Father Maur van Doorslaer dies at 87; famed for folksy plaques
Father Maur van Doorslaer lived a kind of double life.
For decades, the Benedictine monk spent half the year working in a studio at an abbey in Belgium, painting abstract art in varying shades of white. For the other half, he took in the High Desert summers at St. Andrew’s Abbey in Valyermo, where he made “cookies,” his name for the folksy porcelain plaques he designed depicting angels, saints and biblical scenes.
“For six months of the year, I’m a serious artist,” he told The Times in 1986, “and for six months a year, I play with dolls.”
Van Doorslaer, whose earth-colored ceramics became a money-maker for the Antelope Valley abbey and a fixture for decades at its annual fall festival, died Friday of complications relating to colon cancer at a hospice near the religious order’s mother abbey in Bruges, Belgium, said Father Francis Benedict, abbot emeritus of St. Andrew’s. He was 87.
Van Doorslaer’s angels, which feature wide-open eyes and playful designs such as firefighter angels, angels with gardening tools, and angels with poodles, built him a loyal fan base across North America.
“It’s a very simple and kind of primitive art, but it does evoke spirituality,” said Benedict, a fellow monk who first met Van Doorslaer in 1965, when the California-based monks enlisted his help in finding an industry that could help sustain them financially.
After 10 months of traveling to Mexico and studying folk art, Van Doorslaer emerged with the trademark “cookie” design, so named because it reminded him of St. Nicholas cookies given to Belgian children. He later incorporated hobbies and sports teams into his designs to boost their popularity. “He created a recognizable trademark for us through those big-eyed saints and angels,” Benedict said.
Van Doorslaer’s designs sometimes showed flashes of his humor, such as a plaque of a troupe of angels playing cards or another of Jesus roller-skating with friends at Venice Beach, which was adapted in 1997 for a mural on the exterior of a Venice church. Today, the abbey produces 40,000 ceramic pieces a year for sale from 600 retailers and its online store. The abbey’s fall festival, where collectors often stood in long lines to get their angels autographed by Van Doorslaer, was discontinued in 2009.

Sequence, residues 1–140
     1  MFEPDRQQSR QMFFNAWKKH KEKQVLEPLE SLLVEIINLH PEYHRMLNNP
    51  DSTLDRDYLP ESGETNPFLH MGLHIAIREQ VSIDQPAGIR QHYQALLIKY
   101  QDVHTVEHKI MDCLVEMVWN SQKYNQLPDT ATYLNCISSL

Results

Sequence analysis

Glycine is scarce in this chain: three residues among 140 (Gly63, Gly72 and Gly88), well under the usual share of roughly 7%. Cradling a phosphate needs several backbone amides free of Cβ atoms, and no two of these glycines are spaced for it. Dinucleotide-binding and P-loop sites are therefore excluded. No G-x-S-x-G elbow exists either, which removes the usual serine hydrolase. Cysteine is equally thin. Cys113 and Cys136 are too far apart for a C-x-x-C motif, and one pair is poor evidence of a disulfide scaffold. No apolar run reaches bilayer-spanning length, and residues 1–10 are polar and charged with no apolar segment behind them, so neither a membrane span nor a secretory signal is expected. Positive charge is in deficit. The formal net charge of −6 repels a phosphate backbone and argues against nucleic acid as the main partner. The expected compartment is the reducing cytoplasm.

Van Doorslaer seemed to relish his California summers.
Eschewing the monks’ traditional black robes for overalls and a sun hat, he could often be found under the shade of a peach tree, sketching his designs and speaking to children and other visitors about his art. “There was always a playful glint in his eye. He truly did enjoy interacting with people,” Benedict said.
Every year before returning to Belgium, Van Doorslaer would call Los Angeles architect Frank Gehry, whose work he admired, and pay him a visit. Gehry said he was initially taken aback by the monk’s request to wander around the office and take pictures, but he obliged anyway. “There was a level of sincerity and honesty and respectfulness ... that was quite unusual,” Gehry told The Times this week. The next time Van Doorslaer came calling in 1989, he presented Gehry with a drawing of his wide-eyed angels, surrounding Gehry’s Vitra Design Museum in Germany.
Each year after that, Gehry received a new sketch — angels lifting cranes over the Guggenheim Museum in Bilbao, Spain, one year, horn-toting angels above L.A.'s Walt Disney Concert Hall another. Gehry collected the drawings and hung them in his office. One day Van Doorslaer brought one of his monochrome paintings. “That’s very different,” Gehry said. “Yes,” Van Doorslaer replied. “This is my real passion.” The painting now hangs in Gehry’s home.
Etienne van Doorslaer was born Oct. 1, 1925, in a small French village near Versailles, one of seven children. The next year his parents, who grew flowers, moved the family back to their native Belgium, where he was raised.
Van Doorslaer came of age in war-torn Europe; when he was 14, the Nazis marched on Belgium. Doorslaer was exempted from military service, but the chaos of war made him crave regimen and serenity, something he later said nudged him to the priesthood.
At 18, Van Doorslaer enrolled in an art school in Ghent. For six years, he drew, painted and studied architecture and sculpture.
In 1949, at age 24, he pursued a monk’s life, taking the religious name Maur, and was ordained in 1958. He was sent to Paris, where he continued his religious studies, visited galleries and painted. In 1961, he returned to the Belgian abbey and was assigned an art studio and charged with creating paintings to sell and to decorate the abbey, where a number of his monochromes still hang. But every summer, he returned to California to design new ceramics.
“These things showed up in grandmothers’ collectors cases and office buildings and dorms,” said Jerry Earl Johnston, a collector and columnist for Salt Lake City’s Deseret News who visited with Van Doorslaer several times during religious retreats. “He was able to take his art and use it to create a kind of spirituality that gets in the corner of people’s houses and lives that never would have gotten there otherwise.”
Information on survivors was unavailable.
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